Jeremiah 29:1, 4-7 (Luke 17:11-19)
Our readings are taken from the lectionary which as I’m sure you know is the church of England’s daily readings for the liturgical church year. We have a choice, normally of 5 or 6 different books and passages that we can preach on. Supposedly there are common themes between the Old Testament, Psalms, New Testament and the Epistles – sometimes these are easier to uncover than others!
However, I have chosen todays readings not for the corresponding meanings but because I am drawn to Jeremiah. For this I blame David Grundy.
We meet up every month and choose a book to read then discuss and last time it was his turn. He chose this one – The Prophetic Imagination by Walter Brueggemann. If you have been through any sort of theological training, you will have heard of this heavy weight theologian – he is mighty in intellect, profound in thought and consequently, not an easy read. It’s one of those books that you have to keep going back to re-read certain pages and paragraphs to understand – well, at least I do! And in this book he uses Jeremiah as an example of a prophet who exercises his Prophetic Imagination.
A prophet, common to popular misconception, is a person who does not so much predict the future but paints a picture of what could happen if the people don’t change their ways. Prophets are metaphorical warning lights. Hazzard lights if you will – flashing at us, trying to wake us up to our current state of affairs, trying to shake us from our perceived reality and open our eyes to where our current trajectory is taking us. And so it is with Jeremiah.
Jeremiah is a complex book and much is disputed and debated in terms of who, when, and how it was written and put together, but what is agreed upon is that God used Jeremiah and his scribe, Baruch, as his instruments on earth to voice his anguish over his people.
A little bit of context will help bring us into the story.
Jeremiah was born in the ‘Golden age’ of the Judean king Josiah and the subsequent fall and destruction of Jerusalem by Nebuchadnezzar 11 of Babylon and the deportation of the Judean population into captivity. This happened twice. First in 579 BCE when all the really important people were taken – priests, elders and other prophets and then again when Jeremiah himself was taken in 586 BCE when the Temple in Jerusalem was destroyed.
The letter in our passage today was written, as we heard, by Jeremiah after the first invasion when he was left behind. The majority of passages from Jeremiah are normally full of despair, grief, and doom as he tries, without much success to rouse the people from the apathy of their situation.
As Brueggemann says. ‘Jeremiah is frequently misunderstood as a doomsday spokesman or a pitiful man who had a grudge and sat around crying; but his public and personal grief was for another reason and served another purpose’.
What I think Walter is trying to get at here is that in order for the status quo to change, the dominating culture of the day has to realise that it is not immortal and is not ultimately in charge. That the ruling authorities do not have the monopoly on control and do not have all the answers on how we can thrive and flourish.
In Jeremiah’s day he was speaking to the kings of the time. The kings who kept the rich rich, the poor poor, and who feasted in their palaces without care for others. Kings who had successfully paralysed the masses into submission. Jeremiah was speaking to the marginalized who had become numb and blind, who lived without hope of change and had resigned to the status quo. He was speaking to the rulers of the time who had turned away from their responsibilities to the people and ignored God’s commandments.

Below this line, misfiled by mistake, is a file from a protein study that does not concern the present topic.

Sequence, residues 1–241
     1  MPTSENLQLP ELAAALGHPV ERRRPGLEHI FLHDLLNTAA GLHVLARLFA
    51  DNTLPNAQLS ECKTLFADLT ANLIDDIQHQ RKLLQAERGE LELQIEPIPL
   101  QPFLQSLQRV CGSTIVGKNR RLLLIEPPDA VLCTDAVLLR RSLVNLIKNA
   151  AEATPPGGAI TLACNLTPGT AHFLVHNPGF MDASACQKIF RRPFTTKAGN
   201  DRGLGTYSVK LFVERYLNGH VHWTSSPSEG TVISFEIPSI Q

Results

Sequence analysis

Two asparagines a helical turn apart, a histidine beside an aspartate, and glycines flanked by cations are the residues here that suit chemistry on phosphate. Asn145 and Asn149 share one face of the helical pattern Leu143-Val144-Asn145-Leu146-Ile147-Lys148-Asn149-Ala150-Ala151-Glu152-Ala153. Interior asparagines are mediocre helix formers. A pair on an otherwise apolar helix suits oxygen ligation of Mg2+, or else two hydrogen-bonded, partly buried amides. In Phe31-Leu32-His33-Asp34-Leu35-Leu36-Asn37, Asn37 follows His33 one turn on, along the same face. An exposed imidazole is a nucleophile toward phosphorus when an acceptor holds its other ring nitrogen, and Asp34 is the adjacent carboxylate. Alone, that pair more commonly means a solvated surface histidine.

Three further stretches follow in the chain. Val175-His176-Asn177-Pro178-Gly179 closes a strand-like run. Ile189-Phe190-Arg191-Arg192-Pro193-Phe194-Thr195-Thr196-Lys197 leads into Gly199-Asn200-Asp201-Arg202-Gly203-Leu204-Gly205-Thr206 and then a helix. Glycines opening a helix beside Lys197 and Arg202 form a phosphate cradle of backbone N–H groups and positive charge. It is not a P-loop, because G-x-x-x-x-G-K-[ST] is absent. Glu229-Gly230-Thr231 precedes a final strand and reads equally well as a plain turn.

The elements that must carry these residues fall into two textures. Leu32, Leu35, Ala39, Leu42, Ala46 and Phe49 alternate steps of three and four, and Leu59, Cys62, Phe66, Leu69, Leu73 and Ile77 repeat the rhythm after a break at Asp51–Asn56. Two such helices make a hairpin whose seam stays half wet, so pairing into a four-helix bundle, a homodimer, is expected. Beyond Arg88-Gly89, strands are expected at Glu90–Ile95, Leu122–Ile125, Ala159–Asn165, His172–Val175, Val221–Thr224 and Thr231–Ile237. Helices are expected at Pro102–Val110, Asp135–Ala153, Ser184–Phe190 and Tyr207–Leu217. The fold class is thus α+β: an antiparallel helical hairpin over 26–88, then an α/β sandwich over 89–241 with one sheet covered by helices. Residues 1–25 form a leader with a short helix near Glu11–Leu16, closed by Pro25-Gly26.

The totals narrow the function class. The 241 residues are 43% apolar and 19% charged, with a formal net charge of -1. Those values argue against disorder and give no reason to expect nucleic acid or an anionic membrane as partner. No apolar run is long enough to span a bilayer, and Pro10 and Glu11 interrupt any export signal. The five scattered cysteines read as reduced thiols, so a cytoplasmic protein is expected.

Jeremiah knew that that the end was coming and that God had had enough of indifference affluence, cynical oppression, and presumptive religion. He knew the freedom of God had been grossly violated, that death was at the door and would not pass over. The prophets do not ask much or expect much. In his grieving, Jeremiah asked only that the royal community face up to it’s real experience. That it was all coming to an end.
Endings are always hard to face up to. We deny, resist, and ignore them. New is scary. Old is safe even if it is not working as well as it once did.
And change takes time and it takes courage. In Jeremiah’s letter he acknowledges that all is in God’s time, not ours. He encourages the exiles to make Babylon their home, to settle, to build homes and families.
To wait on the Lord.
There is much to learn here for our own context. Are we awake to our own cultural context? Personally, and in our place in society? Are we numb to the world or are we engaged in a meaningful way? Is there something in our lives that is coming to an end, if so, are we seeking God’s guidance, help, comfort, and direction?
To end, we turn to Walter Brueggemann again, ‘I used to think it curious that, when having to quote scripture on demand, someone would inevitably say, “Jesus wept”. It is usually done as a gimmick to avoid having to quote a longer passage. But now I understand the depth of the that verse. Jesus knew what we numb ones must always learn again: a) that weeping must be real because endings are real; and b) that weeping permits newness. His weeping permits the kingdom to come. Such weeping is radical criticism, a fearful dismantling because it means the end of all machismo; weeping is somethings kings rarely do without losing their thrones. Yet the loss of thrones is precisely what is called for in Prophetic Imagination.’
Father, the prophets of old challenge us now as much as when they were first heard. Give us courage to open our eyes and our hearts to your calling, your way of life and to your radical love. Challenge us to live differently so that we can make a difference in our world for your glory. Amen.